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Ethics of Data Work

This research project is about developing fair working systems for data workers and ethical guidelines for researchers.


AI systems are powered by people who usually work under precarious conditions. This is particularly true for data work, clickwork or crowdwork, i.e. the work involved in checking algorithms and creating data sets to train and validate AI systems. This work is often used in both commercial and academic institutions, such as universities and research institutes, to advance AI research or use AI for research purposes. Globally, there are between 154 and 435 million data workers enabling much of our machine learning work, and the growth of this profession shows no signs of slowing down.


Despite numerous scientific and journalistic publications addressing the harms of exploitative data labor, and despite the fact that workers are campaigning for better working conditions, best practice examples and ethical guidelines for working with data workers are still lacking - even in the standard guidelines for good scientific practice. Some data work providers make ethics part of their marketing. However, the adoption of more ethical practices often depends on the circumstances of the situation: Who provides the budgets, sets the research priorities and is responsible for implementation. Especially for academic clients, there is a lack of guidance on how to outsource data work responsibly and ethically.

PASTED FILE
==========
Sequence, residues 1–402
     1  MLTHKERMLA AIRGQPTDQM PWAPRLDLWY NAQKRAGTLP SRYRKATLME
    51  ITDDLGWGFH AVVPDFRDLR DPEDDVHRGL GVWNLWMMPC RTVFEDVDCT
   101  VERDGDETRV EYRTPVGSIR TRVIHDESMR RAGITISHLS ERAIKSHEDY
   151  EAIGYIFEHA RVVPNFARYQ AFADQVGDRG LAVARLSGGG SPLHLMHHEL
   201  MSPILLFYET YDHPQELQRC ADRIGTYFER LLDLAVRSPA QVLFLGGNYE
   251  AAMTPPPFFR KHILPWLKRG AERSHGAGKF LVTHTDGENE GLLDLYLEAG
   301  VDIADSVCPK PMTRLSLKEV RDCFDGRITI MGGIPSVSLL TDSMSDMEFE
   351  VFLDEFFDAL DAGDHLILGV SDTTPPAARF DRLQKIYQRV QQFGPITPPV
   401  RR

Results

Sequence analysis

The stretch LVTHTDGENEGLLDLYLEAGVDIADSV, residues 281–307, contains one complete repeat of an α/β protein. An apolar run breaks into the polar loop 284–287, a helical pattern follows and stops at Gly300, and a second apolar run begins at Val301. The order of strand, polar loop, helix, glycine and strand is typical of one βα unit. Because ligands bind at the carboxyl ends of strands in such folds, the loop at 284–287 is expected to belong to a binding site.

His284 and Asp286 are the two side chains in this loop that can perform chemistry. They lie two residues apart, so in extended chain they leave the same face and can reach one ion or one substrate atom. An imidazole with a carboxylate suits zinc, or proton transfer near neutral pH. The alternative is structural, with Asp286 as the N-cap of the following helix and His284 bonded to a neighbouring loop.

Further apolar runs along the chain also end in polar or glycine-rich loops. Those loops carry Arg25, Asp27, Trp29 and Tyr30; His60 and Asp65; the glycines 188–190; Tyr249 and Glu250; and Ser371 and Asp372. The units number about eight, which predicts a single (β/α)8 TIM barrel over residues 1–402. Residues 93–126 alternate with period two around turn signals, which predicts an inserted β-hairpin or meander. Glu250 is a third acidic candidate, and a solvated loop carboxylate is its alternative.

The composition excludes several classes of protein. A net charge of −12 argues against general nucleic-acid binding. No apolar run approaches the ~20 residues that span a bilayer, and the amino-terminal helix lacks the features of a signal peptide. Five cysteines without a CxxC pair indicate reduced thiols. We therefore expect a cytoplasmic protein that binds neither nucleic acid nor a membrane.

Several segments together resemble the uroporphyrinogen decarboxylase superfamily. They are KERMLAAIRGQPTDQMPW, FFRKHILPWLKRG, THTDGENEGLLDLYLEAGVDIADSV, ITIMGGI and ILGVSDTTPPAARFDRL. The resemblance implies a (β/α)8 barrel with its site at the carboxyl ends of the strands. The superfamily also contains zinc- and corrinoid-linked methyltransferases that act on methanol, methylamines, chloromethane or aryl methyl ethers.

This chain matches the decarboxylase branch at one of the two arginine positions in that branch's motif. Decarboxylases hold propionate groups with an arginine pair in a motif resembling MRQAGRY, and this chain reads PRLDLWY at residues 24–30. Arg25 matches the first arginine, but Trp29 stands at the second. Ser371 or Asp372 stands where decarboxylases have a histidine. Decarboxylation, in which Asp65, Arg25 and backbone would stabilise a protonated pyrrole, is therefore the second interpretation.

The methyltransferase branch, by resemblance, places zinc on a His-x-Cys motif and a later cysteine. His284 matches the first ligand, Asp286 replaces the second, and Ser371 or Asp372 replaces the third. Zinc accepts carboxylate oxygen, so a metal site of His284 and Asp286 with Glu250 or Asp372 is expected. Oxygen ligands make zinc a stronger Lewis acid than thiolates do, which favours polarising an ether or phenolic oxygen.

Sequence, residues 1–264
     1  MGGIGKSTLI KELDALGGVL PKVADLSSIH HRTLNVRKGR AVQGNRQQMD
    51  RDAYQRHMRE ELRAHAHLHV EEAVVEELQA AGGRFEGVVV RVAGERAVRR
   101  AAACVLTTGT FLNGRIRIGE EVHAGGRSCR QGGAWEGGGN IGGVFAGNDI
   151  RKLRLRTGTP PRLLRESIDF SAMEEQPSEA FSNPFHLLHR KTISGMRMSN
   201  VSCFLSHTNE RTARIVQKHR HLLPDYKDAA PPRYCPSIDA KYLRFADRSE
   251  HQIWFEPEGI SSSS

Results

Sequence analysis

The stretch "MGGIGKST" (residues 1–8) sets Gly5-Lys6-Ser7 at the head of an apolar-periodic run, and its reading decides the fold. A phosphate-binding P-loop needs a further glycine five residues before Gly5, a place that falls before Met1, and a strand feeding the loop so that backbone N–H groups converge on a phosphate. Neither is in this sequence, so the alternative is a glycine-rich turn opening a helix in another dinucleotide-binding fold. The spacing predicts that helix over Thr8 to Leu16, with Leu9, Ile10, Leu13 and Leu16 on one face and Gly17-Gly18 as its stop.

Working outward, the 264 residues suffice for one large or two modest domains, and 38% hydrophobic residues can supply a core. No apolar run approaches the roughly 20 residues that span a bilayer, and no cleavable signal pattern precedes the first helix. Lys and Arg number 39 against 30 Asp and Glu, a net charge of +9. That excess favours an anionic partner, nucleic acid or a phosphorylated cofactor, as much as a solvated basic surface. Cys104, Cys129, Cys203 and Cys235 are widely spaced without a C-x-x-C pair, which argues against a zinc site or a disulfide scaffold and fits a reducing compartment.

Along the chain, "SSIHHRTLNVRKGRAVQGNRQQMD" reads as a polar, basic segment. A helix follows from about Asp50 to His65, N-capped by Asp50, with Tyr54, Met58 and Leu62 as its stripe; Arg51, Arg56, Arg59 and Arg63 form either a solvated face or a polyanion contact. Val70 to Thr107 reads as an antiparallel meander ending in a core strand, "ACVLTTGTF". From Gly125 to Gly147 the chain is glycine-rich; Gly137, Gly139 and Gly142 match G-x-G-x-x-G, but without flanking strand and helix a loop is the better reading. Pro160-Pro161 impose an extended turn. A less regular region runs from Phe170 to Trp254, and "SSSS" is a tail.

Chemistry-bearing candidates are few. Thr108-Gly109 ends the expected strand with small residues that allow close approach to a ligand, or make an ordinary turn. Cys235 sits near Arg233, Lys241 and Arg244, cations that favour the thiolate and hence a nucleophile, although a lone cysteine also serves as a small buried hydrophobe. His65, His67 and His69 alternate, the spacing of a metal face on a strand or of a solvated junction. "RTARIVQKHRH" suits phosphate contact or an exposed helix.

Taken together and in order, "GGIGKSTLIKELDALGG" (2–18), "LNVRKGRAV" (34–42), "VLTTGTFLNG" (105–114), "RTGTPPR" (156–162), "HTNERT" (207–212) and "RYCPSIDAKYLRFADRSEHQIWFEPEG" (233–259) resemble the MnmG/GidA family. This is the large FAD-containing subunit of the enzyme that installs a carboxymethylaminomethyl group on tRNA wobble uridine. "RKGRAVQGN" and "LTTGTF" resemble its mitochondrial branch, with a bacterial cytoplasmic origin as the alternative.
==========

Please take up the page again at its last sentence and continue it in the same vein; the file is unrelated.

This project has two objectives: On the one hand, we want to investigate how to create equitable work systems and environments for data workers that put the experience and expertise of workers at the center. On the other hand, we want to use these findings to develop ethical guidelines for researchers.

Duration: May - December 2024

Cooperation Partners: Caroline Sinders, design researcher; Krystal Kauffman, data worker, lead organizer at Turkopticon; Dylan Baker, research engineer at DAIR; Marc Pohl, UX/product designer and data work researcher

Funding: Weizenbaum Institute